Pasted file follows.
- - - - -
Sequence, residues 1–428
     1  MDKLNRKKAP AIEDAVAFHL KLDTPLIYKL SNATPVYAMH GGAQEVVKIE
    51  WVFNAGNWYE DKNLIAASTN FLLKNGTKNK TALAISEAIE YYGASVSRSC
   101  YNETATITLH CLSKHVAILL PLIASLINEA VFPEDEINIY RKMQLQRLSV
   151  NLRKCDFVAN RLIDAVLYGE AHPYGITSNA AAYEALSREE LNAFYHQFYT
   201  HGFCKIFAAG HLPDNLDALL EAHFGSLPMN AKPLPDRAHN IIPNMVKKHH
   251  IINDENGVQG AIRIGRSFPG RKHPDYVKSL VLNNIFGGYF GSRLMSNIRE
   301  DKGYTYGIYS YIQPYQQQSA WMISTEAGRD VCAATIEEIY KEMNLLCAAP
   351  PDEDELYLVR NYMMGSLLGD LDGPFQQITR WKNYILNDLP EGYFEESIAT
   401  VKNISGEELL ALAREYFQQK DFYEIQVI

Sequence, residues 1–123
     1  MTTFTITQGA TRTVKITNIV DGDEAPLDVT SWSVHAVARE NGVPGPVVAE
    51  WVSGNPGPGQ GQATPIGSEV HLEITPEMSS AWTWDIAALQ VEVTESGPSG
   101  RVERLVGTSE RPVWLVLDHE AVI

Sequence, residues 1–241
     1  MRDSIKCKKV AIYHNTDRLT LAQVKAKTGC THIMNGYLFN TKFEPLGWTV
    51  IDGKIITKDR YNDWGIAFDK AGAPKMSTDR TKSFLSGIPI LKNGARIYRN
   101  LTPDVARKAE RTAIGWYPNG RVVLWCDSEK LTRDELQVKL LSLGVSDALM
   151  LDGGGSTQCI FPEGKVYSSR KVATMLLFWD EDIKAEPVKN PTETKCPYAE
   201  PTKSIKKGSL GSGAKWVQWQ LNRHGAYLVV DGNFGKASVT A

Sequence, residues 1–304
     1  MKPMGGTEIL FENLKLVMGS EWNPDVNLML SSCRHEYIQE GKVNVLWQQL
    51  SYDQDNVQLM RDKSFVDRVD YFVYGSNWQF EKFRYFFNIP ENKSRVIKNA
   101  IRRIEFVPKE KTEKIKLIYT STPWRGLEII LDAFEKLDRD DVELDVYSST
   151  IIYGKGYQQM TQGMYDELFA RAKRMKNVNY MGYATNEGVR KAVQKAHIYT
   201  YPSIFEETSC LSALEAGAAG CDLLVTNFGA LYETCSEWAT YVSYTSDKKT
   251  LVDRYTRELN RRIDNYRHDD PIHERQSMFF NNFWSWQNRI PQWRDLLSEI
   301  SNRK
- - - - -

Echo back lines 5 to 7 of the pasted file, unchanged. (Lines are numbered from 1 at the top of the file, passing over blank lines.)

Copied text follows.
   151  NLRKCDFVAN RLIDAVLYGE AHPYGITSNA AAYEALSREE LNAFYHQFYT
   201  HGFCKIFAAG HLPDNLDALL EAHFGSLPMN AKPLPDRAHN IIPNMVKKHH
   251  IINDENGVQG AIRIGRSFPG RKHPDYVKSL VLNNIFGGYF GSRLMSNIRE